Custom error classes based on HTTP statuses

Downloads in past


308.0.010 years ago10 years agoMinified + gzip package size for http-custom-errors in KB


Build Status Code Climate Coverage Status Dependency Status
Custom errors based on HTTP status codes --


npm install http-custom-errors


var HTTPErrors = require('http-custom-errors');
var error = HTTPErrors.createHTTPError(500); // Create a "500 Internal Server Error" exception
throw new HTTPErrors.NotFoundError('/missing'); // Throw a "404 Not Found Error" exception
The createHTTPError(code); function export will inherit and return a new error exception, with the additional code and status fields that correspond to the HTTP Server Statuses advertised by node's internal HTTP module.
One practical use would allow you to use a polymorphic error handler with express.js:
app.use(function (err, res, req, next) {
  res.status(err.code || 500);
  // respond with html page
  if (req.accepts('html')) {
    return res.render(err.code || 500, { url: req.url });
  // respond with json
  if (req.accepts('json')) {
    res.send({ 'message' : err.message || 'Server Error' });
  // default to plain-text. send()
  res.type('txt').send(err.message || 'Server Error');
With this middleware you would be able to simply throw the appropriate HTTP status error in the right situation:
function authorize (req, res, next) {
    if (// not authorized logic) {
        return next(new HTTPErrors.ForbiddenError('Please log in'));
    return next();
app.get('/sensitive', authorize, function (req, res, next) {
    return res.render('logged_in');
app.use(function (req, res, next) {
    throw new HTTPErrors.NotFoundError(req.url);
Additionally, each error type is exposed as its own Error constructor:
  • HTTPErrors.BadRequestError(message);
  • HTTPErrors.UnauthorizedError(message);
  • HTTPErrors.PaymentRequiredError(message);
  • HTTPErrors.ForbiddenError(message);
  • HTTPErrors.NotFoundError(message);
  • HTTPErrors.MethodNotAllowedError(message);
  • HTTPErrors.NotAcceptableError(message);
  • HTTPErrors.ProxyAuthenticationRequiredError(message);
  • HTTPErrors.RequestTimeoutError(message);
  • HTTPErrors.ConflictError(message);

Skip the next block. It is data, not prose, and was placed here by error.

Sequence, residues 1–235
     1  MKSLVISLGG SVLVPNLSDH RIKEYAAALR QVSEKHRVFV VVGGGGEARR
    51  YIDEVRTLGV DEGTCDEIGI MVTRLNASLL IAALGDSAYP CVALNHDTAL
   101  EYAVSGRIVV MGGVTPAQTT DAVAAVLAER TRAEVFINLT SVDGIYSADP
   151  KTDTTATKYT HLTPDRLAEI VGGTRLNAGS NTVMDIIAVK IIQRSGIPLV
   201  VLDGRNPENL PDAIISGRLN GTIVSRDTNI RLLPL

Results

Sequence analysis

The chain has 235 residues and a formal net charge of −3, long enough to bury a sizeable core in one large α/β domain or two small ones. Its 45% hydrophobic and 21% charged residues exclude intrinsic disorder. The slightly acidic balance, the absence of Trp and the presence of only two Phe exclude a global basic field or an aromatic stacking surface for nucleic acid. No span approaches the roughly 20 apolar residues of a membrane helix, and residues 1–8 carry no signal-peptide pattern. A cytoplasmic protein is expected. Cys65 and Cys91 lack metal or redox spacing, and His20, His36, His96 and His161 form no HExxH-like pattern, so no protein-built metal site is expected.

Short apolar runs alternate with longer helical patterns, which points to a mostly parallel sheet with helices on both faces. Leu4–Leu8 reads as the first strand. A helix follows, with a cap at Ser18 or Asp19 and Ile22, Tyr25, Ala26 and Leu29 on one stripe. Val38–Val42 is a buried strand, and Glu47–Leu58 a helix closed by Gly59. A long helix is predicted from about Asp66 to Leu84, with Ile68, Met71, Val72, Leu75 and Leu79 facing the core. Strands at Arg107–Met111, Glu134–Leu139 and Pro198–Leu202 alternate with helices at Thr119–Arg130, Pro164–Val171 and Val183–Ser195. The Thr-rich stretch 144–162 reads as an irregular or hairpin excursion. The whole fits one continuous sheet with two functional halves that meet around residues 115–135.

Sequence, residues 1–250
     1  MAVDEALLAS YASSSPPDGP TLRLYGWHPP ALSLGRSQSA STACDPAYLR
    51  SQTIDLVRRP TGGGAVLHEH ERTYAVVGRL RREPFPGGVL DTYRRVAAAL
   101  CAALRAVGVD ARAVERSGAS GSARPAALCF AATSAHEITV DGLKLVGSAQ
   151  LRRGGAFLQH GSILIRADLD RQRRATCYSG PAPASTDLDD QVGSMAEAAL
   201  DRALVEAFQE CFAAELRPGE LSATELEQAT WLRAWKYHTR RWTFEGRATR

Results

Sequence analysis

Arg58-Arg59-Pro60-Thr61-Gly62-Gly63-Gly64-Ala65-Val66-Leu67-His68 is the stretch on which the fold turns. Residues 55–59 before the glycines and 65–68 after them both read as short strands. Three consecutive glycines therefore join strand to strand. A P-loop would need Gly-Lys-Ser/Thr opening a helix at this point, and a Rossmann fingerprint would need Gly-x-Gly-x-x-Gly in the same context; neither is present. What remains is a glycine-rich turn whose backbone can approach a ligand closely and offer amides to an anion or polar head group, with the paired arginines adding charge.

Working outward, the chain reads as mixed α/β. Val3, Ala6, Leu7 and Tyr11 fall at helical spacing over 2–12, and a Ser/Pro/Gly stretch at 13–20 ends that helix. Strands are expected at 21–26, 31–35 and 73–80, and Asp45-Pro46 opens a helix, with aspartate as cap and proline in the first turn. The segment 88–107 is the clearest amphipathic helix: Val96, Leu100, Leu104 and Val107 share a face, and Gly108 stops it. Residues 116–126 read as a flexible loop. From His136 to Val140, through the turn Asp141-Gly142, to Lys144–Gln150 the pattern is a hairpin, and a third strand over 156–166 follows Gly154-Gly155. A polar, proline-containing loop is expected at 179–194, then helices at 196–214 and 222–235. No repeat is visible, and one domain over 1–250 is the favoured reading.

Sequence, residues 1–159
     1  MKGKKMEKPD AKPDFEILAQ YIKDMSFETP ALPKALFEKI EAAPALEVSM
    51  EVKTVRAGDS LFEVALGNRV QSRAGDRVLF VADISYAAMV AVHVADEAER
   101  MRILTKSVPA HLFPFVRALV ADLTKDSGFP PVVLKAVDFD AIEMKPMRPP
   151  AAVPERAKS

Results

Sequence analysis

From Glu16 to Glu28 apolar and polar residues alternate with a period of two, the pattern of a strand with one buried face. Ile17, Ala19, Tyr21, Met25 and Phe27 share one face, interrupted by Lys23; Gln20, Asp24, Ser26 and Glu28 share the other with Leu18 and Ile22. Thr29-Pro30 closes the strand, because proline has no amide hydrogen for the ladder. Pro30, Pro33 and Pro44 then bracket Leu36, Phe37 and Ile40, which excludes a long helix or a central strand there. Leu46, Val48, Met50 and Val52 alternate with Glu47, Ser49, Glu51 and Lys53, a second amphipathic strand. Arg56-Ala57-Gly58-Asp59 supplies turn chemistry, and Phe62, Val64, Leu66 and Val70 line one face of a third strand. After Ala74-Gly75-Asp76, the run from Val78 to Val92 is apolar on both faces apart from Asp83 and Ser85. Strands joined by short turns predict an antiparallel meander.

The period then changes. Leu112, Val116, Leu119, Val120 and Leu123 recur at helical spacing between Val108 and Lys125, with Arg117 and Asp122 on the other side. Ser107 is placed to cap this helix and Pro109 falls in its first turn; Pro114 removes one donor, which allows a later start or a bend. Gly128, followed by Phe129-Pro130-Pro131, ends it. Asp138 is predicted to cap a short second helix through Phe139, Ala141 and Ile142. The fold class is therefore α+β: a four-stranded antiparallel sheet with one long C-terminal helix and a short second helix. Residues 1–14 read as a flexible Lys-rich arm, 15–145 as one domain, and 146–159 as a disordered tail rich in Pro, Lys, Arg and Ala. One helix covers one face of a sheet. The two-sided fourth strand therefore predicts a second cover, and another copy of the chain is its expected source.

• HTTPErrors.GoneError(message);
  • HTTPErrors.LengthRequiredError(message);
  • HTTPErrors.PreconditionFailedError(message);
  • HTTPErrors.RequestEntityTooLargeError(message);
  • HTTPErrors.RequestURITooLargeError(message);
  • HTTPErrors.UnsupportedMediaTypeError(message);
  • HTTPErrors.RequestedRangeNotSatisfiableError(message);
  • HTTPErrors.ExpectationFailedError(message);
  • HTTPErrors.ImATeapotError(message);
  • HTTPErrors.UnprocessableEntityError(message);
  • HTTPErrors.LockedError(message);
  • HTTPErrors.FailedDependencyError(message);
  • HTTPErrors.UnorderedCollectionError(message);
  • HTTPErrors.UpgradeRequiredError(message);
  • HTTPErrors.PreconditionRequiredError(message);
  • HTTPErrors.TooManyRequestsError(message);
  • HTTPErrors.RequestHeaderFieldsTooLargeError(message);
  • HTTPErrors.InternalServerError(message);
  • HTTPErrors.NotImplementedError(message);
  • HTTPErrors.BadGatewayError(message);
  • HTTPErrors.ServiceUnavailableError(message);
  • HTTPErrors.GatewayTimeoutError(message);
  • HTTPErrors.HTTPVersionNotSupportedError(message);
  • HTTPErrors.VariantAlsoNegotiatesError(message);
  • HTTPErrors.InsufficientStorageError(message);
  • HTTPErrors.BandwidthLimitExceededError(message);
  • HTTPErrors.NotExtendedError(message);
  • HTTPErrors.NetworkAuthenticationRequiredError(message);


Care is taken to preserve the built-in error handling behavior as much as possible, with support for checking instanceof and typeof, as well as making sure the error constructor behaves the same whether it is called with the new operator or not.
In other words, you shouldn't have to worry about these errors affecting your syntax or existing code. Simply drop in place for any existing errors you're throwing and it should work just the same.